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< Back to current issue of Immigration Daily

Bloggings on I-9 E-Verify Immigration Compliance

Bruce Buchanan

DOJ Settles Claims Of Discrimination Against United Natural Foods

The Department of Justice has reached a settlement agreement with United Natural Foods Inc. (UNFI), resolving allegations that the company discriminated under the anti-discrimination provision of the Immigration and Nationality Act (INA), when it impermissibly reverified the work authority of lawful permanent residents and required some non-citizen workers to provide specific I-9 documentation.

A lawful permanent resident alleged UNFI improperly terminated him after he failed to produce an
unexpired lawful permanent resident card in connection with an erroneous reverification of his employment eligibility. The charging party had presented proper work authorization documentation at the time of hire, and UNFI had no reason to suspect that his documentation was not genuine. The employee had permanent work-authorization, but lost three weeks’ worth of wages as a result of UNFI’s practice.

The DOJ’s investigation revealed UNFI reverified the documentation of similarly-situated lawful permanent residents when their documentation expired but did not reverify expired documentation of U.S. citizens. The anti-discrimination provision prohibits treating employees differently in the employment eligibility verification and reverification processes based on citizenship or national origin.

In response to the department’s investigation, UNFI conducted an internal audit and undertook
immediate corrective action to address and rectify its employment eligibility verification policies and practices. As part of its corrective action, UNFI rehired the charging party and gave him full back pay. Under the settlement agreement, the company agreed to pay $3,190 in civil penalties, to conform all of its actions to ensure compliance with the INA’s anti-discrimination provision and to train its human resources personnel about the company’s responsibility to avoid discrimination in the employment eligibility verification process.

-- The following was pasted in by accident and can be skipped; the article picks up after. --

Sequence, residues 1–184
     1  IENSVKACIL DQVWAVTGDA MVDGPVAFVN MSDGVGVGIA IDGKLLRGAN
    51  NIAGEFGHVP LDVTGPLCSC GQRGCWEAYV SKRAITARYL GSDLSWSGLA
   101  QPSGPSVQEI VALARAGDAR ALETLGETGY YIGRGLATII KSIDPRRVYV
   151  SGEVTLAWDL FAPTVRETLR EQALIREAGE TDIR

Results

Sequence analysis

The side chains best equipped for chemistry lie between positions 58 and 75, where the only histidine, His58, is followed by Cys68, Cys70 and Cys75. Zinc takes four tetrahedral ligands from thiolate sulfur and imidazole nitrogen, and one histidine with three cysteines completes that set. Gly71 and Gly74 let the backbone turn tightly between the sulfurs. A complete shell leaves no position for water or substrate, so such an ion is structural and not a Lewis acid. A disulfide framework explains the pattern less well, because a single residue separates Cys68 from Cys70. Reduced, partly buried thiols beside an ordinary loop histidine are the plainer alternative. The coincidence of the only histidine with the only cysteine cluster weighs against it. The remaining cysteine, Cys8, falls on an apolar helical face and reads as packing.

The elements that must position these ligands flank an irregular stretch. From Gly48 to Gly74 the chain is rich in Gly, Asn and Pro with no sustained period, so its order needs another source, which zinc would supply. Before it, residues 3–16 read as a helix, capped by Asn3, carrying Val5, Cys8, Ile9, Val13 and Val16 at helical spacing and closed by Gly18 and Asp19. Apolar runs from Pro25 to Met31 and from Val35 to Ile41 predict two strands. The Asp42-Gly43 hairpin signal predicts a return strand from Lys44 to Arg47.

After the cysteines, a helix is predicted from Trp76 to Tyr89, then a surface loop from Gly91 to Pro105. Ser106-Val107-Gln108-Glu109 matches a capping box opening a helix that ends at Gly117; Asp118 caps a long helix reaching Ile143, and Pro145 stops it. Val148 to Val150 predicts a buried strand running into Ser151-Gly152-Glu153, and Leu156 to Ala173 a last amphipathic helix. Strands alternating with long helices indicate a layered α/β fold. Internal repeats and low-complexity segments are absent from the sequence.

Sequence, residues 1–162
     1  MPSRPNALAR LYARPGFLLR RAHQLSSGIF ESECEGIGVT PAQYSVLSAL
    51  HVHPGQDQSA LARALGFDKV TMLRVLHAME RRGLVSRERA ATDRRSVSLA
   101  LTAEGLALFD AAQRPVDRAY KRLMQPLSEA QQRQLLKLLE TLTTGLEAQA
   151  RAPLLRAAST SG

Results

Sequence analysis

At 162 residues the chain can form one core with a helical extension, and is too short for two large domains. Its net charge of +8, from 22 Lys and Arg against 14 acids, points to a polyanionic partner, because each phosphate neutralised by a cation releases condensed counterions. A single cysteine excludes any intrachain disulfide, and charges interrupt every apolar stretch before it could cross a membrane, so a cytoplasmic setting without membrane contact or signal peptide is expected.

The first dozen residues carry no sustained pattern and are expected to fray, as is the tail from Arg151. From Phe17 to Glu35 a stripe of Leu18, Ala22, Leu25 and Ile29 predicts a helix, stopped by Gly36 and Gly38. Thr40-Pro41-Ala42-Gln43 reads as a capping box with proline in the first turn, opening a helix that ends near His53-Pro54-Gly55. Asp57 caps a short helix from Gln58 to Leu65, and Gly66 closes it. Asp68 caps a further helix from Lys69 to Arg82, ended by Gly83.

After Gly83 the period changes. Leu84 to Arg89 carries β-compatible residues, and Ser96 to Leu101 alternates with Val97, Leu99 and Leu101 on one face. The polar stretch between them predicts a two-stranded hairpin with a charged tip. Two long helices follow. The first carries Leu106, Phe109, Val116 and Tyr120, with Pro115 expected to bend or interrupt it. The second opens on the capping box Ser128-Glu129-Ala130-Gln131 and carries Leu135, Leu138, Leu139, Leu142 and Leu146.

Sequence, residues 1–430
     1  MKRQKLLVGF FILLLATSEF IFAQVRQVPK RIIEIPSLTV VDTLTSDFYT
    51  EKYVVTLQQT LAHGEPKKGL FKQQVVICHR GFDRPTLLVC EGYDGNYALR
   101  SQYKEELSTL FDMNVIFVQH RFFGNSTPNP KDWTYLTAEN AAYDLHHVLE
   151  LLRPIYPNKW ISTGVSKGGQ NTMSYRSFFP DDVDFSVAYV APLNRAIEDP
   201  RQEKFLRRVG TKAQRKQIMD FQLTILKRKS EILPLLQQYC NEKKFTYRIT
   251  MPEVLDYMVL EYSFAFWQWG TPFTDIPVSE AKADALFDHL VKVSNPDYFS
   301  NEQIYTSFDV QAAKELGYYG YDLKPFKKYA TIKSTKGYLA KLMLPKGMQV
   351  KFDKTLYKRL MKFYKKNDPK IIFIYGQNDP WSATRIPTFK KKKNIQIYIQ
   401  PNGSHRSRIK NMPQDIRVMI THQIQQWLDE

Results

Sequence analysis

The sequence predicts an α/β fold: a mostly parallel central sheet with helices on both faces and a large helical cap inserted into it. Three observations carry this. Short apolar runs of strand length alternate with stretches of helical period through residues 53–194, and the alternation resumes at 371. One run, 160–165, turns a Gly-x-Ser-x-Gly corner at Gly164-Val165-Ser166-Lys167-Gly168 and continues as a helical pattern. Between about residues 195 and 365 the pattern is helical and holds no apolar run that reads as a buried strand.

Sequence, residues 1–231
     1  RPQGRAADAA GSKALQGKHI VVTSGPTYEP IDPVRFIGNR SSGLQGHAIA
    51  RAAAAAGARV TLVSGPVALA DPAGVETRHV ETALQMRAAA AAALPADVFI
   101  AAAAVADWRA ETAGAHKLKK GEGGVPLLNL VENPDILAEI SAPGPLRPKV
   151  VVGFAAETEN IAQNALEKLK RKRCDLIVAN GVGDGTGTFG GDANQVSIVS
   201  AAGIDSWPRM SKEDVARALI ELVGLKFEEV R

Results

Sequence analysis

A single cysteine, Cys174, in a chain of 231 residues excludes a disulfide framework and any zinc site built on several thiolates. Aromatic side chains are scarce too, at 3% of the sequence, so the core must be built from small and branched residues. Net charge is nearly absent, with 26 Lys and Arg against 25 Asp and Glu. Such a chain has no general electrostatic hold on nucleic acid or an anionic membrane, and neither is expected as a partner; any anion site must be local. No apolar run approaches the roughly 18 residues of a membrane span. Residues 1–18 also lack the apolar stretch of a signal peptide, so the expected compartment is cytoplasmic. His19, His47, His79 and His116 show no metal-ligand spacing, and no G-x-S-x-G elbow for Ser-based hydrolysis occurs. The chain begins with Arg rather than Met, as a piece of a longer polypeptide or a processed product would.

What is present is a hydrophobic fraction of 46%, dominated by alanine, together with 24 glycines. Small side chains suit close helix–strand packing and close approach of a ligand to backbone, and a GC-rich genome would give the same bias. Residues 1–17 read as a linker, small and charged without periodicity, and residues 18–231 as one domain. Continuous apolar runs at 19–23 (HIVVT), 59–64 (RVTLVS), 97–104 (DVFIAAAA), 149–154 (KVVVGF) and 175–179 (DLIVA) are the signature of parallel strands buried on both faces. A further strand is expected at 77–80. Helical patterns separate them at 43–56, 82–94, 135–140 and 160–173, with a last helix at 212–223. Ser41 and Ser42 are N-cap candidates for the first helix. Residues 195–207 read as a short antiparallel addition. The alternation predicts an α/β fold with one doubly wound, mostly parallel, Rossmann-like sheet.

About The Author

Bruce E. Buchanan is an attorney at the at Nashville Office of Siskind Susser, P.C. He represents individuals and employers in all aspects of immigration law, with an emphasis on immigration compliance for employers, and employment/labor law. Mr. Buchanan received his law degree from the Vanderbilt University School of Law in 1982 and a B.S. degree from Florida State University, where he graduated magna cum laude. Mr. Buchanan has been in private practice since 2003. Beforehand, he served as Senior Trial Specialist for the National Labor Relations Board for 20 years. He also served from 1991 to 2003 as Adjunct Professor at William H. Bowen UALR School of Law, where he taught courses in Labor Law and Employment Law. Mr. Buchanan was chair of the Tennessee Bar Association's Immigration Law Section from 2011 to 2012 and has been the editor of the TBA's Immigration Law Section Newsletter and the TBA's Labor and Employment Law Section Newsletter since 2009. Mr. Buchanan is a frequent writer and speaker on immigration compliance as well as labor law, wage & hour law and proposed federal legislation. He is a member of American Immigration Lawyers Association (AILA) and serves as the Advocacy Liaison of the Mid-South Chapter of AILA. Mr. Buchanan also serves on the Board of Directors for the Nashville International Center for Empowerment (NICE) and is an associate member of the Mid-Tennessee Chapter of the Associated Builders & Contractors. Mr. Buchanan is admitted to practice in Tennessee, Florida, and Arkansas, before the U.S. Court of Appeals for the Fifth, Sixth, Eighth, and D.C. Circuits and the U.S. District Courts for the Middle District of Tennessee and the Eastern and Western Districts of Arkansas.


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